How often do you go to garage sales, flea markets, etc.? Any personal tips you’d like to share?
I do some sort of buying at least once a month. Every few months I’ll take a full day, dawn to dusk, and set out to absolutely fill my vehicle. I would love to do this more frequently, but I only have so much room for inventory and if things aren’t organized it makes me crazy.
The biggest tip I have is to be an adventurer. Chase your nose and see what you come up with. Some of the best finds I’ve made have come from driving around somewhere unfamiliar to me and just keeping my eyes peeled. Trust your instincts. If you’re excited by something, then it has some merit to someone somewhere. Eighty percent of things I’ve geeked out about and then taken home with me to research have had value well beyond what I invested. This doesn’t mean the other twenty were a wash; someone else ended up digging it, too! They just dug it at a smaller profit margin. At the end of the day, if you’re buying for yourself that margin doesn’t really matter. The connection with the object is the most important thing, I think.
Oh! And dress down. The better I’m dressed the higher prices tend to be. Sellers do profile to an extent, believe it or not.
Great tips! Are you a hoarder or a minimalist?
HA! I’m a reseller so that I don’t become a hoarder. I get the satisfaction of buying cool stuff and rescuing it from a landfill or other destruction, then I pass it off to people who are thrilled I’ve found it. I believe in objects having purpose and meaning. We have a home full of things that have meaning to us as a family, but it’s not overfull. It’s a cozy and thoughtful space, I think.
What blogs (design and otherwise) do you read right now?
I love a really well-curated digital space, so Oxford American, Nowness, The Rumpus, Culture Brats, Anthology, Refueled, Fast Company, and Garden and Gun are all high on my list. There are a number of single-person blogs I love, but the ones that most readily come to mind are Museum of Wonder, The Good Word of Sprout, Schmutzie and Seth Godin.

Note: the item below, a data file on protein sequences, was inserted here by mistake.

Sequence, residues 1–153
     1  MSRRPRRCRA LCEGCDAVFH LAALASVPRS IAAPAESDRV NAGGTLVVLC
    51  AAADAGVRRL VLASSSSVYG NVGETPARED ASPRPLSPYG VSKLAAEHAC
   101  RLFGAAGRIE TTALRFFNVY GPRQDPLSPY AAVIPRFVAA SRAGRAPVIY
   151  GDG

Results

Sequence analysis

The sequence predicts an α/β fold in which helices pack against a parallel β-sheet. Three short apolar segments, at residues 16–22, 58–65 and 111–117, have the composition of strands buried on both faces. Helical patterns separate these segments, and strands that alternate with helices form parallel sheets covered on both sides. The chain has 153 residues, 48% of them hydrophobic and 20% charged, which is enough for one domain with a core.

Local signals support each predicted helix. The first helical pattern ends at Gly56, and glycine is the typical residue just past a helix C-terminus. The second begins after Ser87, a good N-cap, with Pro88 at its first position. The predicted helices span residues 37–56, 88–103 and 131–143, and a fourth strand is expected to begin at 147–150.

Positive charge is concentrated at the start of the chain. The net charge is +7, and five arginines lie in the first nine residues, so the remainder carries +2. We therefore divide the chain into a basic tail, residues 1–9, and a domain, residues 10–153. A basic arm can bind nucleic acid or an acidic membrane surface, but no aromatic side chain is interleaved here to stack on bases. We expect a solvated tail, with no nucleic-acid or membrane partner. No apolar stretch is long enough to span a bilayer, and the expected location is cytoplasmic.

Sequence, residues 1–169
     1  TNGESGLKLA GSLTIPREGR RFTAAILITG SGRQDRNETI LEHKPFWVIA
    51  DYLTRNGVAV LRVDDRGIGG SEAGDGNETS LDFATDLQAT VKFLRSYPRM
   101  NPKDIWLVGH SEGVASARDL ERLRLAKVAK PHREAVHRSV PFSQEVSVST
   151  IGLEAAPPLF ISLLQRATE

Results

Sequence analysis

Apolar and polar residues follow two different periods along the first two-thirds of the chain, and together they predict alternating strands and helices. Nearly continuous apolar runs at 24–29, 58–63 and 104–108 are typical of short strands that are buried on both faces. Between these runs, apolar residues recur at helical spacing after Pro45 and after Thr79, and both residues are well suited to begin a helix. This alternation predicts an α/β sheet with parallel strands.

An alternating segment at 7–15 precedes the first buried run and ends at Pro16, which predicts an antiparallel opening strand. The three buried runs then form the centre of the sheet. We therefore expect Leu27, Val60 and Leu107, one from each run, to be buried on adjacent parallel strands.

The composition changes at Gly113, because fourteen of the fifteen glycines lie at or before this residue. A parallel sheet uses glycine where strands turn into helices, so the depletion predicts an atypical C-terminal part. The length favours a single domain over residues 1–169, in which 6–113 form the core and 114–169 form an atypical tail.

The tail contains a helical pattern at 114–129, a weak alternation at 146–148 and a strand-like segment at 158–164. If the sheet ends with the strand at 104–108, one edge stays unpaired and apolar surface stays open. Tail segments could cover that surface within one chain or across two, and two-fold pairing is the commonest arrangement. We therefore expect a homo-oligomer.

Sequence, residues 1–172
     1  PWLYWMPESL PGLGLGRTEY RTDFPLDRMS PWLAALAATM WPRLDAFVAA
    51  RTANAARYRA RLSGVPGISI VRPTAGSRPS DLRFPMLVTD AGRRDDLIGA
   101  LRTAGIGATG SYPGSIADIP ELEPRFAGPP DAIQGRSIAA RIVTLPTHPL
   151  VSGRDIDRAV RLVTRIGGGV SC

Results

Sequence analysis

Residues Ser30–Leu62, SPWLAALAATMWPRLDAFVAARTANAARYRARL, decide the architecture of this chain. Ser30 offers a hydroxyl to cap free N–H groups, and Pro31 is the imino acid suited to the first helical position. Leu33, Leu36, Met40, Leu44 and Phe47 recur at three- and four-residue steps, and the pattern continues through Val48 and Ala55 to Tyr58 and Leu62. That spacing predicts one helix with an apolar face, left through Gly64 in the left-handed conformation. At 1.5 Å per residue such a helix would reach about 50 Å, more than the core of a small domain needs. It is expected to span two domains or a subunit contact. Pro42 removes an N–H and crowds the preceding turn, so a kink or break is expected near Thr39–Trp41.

What is your most cherished handcrafted, secondhand, vintage, upcycled object you possess? What’s the story behind it?
I have this three-foot-tall Raggedy Ann doll with yarn hair, a hand-painted face, dress and apron and all that my mother made for me when I was eight or thereabouts. Buried in its chest, it has a wooden heart that my father cut and into it burned the words ‘I love you’. I’ve lived all over the world and that doll has made every move with me. She matches nothing about my personal style or home, but she’s always with me. I think I still love her as much as I did when I found her next to the tree all those years ago.
Recently my father gave me my great-granddad’s KA-BAR knife. I was pretty tickled about that. He was a Marine and a bootlegger, so that knife probably has some interesting history.
What are you working on these days?
Well, I’m doing a couple of small art fairs soon, and some of my mixed media pieces got picked up by a cool little boutique in nearby Huntsville, so I’m working on inventory for all of those. I’m also steadily stocking my Etsy shops, Pretty Gritty Things and Twang. I’m writing, too. I’m always writing.
Oh, by the way, do you have a day job?
I work from home as a freelance writer, primarily. Being a maker and finder also pays some bills!
Thanks Jett! Looking forward to seeing your latest finds!
The Short List
1636 2nd Avenue Southwest, South Cullman Shopping Center in Cullman, Alabama.
308 Second Ave SE in Cullman, Alabama.
09 West Willow Street in Scottsboro, Alabama.